We were soon in deep water, and Riggs made fast his tiller while he read a burial service out of a pocket-testament, and we dropped the body of Harris over the side. It was a brief enough ceremony, and I was inclined to believe that Captain Riggs made it altogether too much a matter of little account, until I saw there was a tear in his eye, and he hastily used the binoculars on the island.

"Put your helm to starboard," he directed. "I want to keep screened behind the point and gradually work in toward shore. Then we'll make a quick run for it in near the point, if they don't show by the time we have the inlet on this side of the rocks abeam. They probably went around the point, and we'll hunt for 'em on that side if we can make a safe landing."

We slopped along for another while, and slowly worked in until we had the beach less than five hundred yards away.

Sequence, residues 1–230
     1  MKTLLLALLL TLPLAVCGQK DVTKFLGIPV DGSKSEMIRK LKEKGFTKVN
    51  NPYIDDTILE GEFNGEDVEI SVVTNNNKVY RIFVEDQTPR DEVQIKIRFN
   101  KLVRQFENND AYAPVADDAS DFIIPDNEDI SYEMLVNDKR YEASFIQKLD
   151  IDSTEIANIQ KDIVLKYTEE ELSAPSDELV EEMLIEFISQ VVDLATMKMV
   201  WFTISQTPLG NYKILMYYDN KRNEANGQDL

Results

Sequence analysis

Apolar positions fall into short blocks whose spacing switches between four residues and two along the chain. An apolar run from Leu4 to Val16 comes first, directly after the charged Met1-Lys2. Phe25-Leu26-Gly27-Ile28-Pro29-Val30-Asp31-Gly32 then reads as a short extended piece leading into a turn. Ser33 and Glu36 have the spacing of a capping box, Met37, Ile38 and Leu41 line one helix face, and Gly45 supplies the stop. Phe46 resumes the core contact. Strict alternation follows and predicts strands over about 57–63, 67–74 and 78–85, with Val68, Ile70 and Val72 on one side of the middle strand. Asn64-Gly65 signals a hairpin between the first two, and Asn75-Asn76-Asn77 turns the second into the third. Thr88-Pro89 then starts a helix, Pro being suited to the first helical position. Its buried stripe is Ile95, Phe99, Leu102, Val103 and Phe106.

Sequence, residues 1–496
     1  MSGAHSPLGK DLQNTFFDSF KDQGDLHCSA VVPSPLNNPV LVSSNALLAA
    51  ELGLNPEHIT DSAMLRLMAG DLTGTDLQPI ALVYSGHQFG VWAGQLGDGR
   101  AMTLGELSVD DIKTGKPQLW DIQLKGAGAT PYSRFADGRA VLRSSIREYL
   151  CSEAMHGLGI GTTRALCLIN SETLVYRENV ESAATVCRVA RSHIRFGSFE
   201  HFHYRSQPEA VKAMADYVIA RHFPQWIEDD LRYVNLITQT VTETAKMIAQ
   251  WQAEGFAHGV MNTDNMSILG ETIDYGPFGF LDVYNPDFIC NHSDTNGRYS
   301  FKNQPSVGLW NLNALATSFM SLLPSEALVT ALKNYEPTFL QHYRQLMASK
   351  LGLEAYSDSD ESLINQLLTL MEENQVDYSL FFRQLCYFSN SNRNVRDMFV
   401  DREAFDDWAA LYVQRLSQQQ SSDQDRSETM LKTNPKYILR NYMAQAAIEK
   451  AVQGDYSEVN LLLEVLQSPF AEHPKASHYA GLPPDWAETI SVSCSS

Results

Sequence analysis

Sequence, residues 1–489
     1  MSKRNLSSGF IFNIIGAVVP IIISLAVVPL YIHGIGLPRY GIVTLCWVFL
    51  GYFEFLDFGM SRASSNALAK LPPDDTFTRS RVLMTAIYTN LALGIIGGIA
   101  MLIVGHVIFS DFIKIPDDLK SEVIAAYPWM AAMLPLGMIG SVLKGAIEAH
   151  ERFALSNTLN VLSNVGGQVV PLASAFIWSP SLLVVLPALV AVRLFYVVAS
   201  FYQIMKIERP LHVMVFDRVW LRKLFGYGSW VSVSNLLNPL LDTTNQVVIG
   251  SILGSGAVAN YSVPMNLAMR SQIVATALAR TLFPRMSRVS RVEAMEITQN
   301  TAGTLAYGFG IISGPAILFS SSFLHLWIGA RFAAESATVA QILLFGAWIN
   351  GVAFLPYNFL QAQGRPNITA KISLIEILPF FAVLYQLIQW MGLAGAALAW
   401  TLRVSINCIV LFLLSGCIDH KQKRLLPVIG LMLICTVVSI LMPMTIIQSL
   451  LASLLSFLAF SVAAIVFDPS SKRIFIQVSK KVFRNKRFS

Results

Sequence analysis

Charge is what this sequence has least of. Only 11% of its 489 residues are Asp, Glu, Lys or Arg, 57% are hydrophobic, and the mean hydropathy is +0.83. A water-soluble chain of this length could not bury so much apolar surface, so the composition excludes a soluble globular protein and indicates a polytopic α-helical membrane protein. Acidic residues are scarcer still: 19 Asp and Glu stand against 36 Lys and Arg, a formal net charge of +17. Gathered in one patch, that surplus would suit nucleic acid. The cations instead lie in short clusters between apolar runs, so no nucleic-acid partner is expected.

"Swing her for the open sea again," said Riggs. "I'll trim the sail, so if they are watching us they'll think we are making a board to run out. Keep low, all hands, and at the first shot drop to the deck and keep covered, and we'll manoeuvre out of reach until dark. If they press us, we'll let 'em get up close, so they'll think we have no weapons, and then we'll open up on 'em at close range and settle it."

The raft went about clumsily on the other tack and heeled over so that her port side was deep in the water, which afforded us good protection from the island. We kept close watch on the edge of the jungle, but nothing menaced us, although the tangle of brush and creepers might have been full of men and we little the wiser.